Challenging #outdated ideas can make a real difference

One thing that has been particularly powerful in the White Ribbon campaign over the past two years is the strength of the youth voices who have taken part. It is so important that we listen and learn from their experiences.

Charlie Simpson shared a powerful story last year that we really want to highlight. He spoke about a foster child who joined his family and the impact of his upbringing on his interaction in the family at the beginning. It is sad to hear there are still children being exposed to #outdated ideas like “men should be the boss” and “boys don’t cry” and learn about the impact those ideas have on a child.

However, the most powerful part of Charlie’s story is the change that occurred when his foster brother joined their family and saw new positive attitudes and ways of expressing his feelings. It highlighted the potential for change. We are not stuck with #outdated ideas and #unspoken rules. We can change and our kids will adapt. His story really emphasized the importance of being good role models for our kids.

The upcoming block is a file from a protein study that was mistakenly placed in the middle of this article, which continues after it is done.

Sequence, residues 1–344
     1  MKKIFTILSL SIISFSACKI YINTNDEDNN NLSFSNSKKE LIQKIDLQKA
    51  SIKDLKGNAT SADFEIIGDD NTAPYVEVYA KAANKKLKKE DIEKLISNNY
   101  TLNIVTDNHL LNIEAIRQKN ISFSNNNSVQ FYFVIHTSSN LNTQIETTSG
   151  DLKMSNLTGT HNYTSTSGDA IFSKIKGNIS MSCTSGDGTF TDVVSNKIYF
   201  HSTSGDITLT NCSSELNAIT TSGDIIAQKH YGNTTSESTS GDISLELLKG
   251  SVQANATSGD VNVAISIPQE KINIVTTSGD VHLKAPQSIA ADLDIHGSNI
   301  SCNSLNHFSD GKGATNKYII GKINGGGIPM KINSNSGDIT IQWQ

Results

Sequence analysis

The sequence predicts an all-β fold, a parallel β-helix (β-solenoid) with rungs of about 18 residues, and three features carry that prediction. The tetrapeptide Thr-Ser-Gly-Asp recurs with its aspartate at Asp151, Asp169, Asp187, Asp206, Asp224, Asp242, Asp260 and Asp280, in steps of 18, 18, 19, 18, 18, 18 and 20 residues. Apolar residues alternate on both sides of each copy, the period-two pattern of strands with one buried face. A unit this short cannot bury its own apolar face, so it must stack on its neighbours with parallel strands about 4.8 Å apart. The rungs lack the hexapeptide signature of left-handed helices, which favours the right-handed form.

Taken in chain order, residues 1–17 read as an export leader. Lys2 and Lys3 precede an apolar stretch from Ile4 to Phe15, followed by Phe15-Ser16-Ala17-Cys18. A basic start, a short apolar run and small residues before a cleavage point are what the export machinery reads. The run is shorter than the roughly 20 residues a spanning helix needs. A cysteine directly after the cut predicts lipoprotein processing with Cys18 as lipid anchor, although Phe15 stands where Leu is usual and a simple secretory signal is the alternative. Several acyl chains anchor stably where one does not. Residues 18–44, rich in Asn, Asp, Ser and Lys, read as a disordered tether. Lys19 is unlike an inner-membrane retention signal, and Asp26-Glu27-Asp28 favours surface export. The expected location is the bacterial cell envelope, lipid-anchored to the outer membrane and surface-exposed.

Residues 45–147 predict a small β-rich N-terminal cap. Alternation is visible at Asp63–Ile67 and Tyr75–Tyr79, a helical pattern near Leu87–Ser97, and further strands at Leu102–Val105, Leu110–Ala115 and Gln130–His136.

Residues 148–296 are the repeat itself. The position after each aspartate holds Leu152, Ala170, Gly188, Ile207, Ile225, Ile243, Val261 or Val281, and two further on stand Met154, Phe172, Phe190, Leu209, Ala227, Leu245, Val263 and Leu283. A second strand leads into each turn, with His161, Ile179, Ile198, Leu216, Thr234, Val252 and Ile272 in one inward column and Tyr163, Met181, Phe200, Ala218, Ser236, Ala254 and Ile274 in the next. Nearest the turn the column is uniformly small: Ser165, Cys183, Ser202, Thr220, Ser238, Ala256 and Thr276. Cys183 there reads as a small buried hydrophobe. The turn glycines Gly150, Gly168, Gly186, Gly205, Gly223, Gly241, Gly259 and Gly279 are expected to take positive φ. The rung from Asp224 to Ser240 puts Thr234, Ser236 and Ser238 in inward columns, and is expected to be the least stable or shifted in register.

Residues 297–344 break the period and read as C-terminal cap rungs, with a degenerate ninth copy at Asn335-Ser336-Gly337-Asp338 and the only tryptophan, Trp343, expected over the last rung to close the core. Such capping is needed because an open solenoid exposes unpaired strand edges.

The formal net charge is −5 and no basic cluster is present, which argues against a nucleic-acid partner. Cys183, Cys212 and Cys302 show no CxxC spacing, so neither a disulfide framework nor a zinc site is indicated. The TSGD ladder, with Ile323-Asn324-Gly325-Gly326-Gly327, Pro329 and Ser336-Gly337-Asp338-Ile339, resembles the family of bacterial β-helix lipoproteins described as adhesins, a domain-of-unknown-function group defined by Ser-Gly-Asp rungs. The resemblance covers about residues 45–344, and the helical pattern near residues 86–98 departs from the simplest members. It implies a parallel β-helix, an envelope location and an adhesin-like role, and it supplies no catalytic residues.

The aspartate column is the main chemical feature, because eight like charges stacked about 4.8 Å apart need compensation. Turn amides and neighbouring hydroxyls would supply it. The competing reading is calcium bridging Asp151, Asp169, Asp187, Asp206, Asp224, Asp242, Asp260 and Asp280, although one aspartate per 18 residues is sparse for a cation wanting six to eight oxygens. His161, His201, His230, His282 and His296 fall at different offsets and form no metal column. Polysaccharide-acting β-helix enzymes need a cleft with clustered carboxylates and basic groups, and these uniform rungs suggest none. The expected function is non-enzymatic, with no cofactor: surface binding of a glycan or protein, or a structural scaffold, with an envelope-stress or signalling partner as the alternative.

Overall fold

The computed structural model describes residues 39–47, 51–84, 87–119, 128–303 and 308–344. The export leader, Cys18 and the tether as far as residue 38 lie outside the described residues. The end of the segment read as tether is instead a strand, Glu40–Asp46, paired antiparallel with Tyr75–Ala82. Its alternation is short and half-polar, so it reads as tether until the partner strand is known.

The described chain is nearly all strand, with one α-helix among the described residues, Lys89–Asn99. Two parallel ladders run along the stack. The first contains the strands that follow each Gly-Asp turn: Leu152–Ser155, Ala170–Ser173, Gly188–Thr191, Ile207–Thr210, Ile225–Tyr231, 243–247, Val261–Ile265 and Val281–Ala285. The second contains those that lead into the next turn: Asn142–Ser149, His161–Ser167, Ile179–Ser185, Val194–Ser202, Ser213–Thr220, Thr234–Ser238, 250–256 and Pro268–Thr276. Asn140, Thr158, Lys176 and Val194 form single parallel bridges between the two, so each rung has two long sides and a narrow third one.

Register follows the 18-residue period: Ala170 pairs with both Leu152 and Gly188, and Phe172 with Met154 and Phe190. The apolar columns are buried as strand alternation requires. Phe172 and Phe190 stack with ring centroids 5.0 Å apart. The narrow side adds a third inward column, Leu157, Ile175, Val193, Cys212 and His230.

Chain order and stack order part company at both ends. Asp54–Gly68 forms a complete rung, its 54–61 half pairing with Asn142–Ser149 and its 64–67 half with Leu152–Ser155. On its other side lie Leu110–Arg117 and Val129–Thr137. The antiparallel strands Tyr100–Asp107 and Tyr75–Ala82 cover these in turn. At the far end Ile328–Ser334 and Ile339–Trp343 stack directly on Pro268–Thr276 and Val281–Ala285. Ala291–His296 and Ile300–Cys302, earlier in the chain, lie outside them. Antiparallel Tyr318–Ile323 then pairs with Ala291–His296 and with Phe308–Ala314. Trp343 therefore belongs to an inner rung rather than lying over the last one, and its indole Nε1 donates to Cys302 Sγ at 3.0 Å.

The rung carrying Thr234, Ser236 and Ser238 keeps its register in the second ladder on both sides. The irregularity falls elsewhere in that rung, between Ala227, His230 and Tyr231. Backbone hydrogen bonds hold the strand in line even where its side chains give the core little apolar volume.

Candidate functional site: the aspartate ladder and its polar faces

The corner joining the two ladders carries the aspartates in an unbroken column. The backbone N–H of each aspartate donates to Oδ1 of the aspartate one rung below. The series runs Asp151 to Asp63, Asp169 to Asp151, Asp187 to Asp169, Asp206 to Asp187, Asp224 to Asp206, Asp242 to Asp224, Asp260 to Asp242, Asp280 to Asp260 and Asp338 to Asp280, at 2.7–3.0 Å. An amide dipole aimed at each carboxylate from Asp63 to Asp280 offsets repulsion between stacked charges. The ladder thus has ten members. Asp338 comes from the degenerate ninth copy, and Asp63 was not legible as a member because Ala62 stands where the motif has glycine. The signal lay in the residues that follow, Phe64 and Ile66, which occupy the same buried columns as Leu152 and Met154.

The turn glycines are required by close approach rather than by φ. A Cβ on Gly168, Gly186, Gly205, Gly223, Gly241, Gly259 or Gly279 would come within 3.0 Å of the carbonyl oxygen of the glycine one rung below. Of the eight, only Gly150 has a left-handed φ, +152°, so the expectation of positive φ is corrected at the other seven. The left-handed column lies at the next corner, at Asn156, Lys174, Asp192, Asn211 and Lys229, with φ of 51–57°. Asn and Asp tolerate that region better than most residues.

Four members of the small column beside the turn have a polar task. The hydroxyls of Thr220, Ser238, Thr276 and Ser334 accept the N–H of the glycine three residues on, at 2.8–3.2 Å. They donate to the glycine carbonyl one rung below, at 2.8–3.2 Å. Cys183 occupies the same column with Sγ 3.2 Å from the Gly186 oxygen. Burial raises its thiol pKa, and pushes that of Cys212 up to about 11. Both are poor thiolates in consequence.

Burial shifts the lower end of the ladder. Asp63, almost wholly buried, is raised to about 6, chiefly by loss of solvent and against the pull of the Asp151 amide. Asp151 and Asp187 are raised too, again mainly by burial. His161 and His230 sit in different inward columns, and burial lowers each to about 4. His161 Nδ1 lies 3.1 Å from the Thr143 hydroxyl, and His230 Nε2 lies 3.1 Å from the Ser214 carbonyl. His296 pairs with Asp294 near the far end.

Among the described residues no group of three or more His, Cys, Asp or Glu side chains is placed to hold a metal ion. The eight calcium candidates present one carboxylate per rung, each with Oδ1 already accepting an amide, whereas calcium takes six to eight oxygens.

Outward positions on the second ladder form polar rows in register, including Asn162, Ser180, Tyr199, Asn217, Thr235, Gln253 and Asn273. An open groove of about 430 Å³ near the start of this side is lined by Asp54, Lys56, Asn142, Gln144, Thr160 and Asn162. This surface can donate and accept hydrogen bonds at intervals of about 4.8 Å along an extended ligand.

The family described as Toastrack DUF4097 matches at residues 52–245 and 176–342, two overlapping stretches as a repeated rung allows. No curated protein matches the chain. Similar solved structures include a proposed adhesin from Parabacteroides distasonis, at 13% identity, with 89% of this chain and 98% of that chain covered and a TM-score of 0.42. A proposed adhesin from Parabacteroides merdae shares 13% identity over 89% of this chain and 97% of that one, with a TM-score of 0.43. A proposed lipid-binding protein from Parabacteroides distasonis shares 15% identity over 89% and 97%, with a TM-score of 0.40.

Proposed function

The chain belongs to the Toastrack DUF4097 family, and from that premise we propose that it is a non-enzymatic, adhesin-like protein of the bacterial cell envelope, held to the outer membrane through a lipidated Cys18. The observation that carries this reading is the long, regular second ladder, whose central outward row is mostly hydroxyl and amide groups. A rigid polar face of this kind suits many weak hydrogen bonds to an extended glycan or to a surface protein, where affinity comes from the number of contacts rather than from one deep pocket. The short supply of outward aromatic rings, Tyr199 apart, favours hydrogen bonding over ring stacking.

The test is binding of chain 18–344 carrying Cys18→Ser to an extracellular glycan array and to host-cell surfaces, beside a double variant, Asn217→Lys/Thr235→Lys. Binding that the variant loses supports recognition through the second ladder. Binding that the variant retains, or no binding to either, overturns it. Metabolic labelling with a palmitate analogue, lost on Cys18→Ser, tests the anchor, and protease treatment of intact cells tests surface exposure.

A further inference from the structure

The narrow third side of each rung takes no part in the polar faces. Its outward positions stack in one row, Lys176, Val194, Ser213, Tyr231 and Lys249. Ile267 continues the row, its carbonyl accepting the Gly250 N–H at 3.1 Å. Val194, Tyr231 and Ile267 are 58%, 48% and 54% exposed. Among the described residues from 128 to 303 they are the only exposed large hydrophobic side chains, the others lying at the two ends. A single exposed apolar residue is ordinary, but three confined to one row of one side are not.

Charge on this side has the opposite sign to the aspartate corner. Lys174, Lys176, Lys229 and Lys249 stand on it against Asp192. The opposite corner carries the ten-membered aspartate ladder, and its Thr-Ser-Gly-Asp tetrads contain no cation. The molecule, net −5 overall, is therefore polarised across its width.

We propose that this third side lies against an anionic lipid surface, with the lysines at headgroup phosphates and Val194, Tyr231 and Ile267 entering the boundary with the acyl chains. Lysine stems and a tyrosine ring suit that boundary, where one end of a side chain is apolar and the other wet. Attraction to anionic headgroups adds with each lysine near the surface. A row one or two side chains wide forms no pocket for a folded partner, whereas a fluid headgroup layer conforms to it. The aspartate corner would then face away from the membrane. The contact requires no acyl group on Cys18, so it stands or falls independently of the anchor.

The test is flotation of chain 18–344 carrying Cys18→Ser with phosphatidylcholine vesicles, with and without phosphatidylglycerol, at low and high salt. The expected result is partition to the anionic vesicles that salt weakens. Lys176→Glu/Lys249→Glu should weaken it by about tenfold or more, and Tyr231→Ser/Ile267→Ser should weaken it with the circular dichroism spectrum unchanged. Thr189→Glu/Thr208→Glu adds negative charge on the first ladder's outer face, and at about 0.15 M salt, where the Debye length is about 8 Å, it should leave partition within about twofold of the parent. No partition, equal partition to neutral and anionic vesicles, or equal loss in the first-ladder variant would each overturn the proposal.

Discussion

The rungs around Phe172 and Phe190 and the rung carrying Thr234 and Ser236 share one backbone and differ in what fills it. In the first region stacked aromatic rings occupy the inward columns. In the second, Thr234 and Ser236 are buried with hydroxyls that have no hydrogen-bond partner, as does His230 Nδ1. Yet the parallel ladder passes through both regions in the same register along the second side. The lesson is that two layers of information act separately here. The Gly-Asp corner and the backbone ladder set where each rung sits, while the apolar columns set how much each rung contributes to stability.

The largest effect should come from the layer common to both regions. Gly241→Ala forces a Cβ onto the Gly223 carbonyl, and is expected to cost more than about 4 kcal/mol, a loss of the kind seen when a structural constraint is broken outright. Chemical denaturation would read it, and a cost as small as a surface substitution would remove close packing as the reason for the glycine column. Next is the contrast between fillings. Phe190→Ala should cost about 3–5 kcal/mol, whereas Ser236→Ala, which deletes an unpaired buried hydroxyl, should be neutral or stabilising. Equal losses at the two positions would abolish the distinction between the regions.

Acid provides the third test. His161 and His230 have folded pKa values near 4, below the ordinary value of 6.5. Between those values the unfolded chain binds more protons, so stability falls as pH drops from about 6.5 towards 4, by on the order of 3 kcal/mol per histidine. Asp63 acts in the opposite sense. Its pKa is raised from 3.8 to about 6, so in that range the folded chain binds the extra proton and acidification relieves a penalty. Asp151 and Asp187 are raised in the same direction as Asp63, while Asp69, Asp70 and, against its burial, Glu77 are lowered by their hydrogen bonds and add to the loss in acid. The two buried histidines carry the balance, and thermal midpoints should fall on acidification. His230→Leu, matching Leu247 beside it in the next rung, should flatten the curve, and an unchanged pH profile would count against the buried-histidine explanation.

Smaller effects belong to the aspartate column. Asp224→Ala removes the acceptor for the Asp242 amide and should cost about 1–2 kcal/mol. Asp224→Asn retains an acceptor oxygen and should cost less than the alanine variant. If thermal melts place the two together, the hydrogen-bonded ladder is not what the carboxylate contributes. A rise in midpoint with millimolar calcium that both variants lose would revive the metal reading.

If an idea is no longer fit for purpose, it is time to find a better way. No parent is perfect. We all have the potential to be better and do better with our kids. It is great to hear of an example of that capacity for change and it is clear that the young boy in the story will have a future with healthier relationships now that those #outdated ideas have been discarded for ones that support respectful relationships, where partners treat each other as equals and can openly express their emotions.

We have a number of toolboxes that may be helpful and while some like “Raising boys who respect”, mention a specific gender in their title they are appropriate for both girls and boys.

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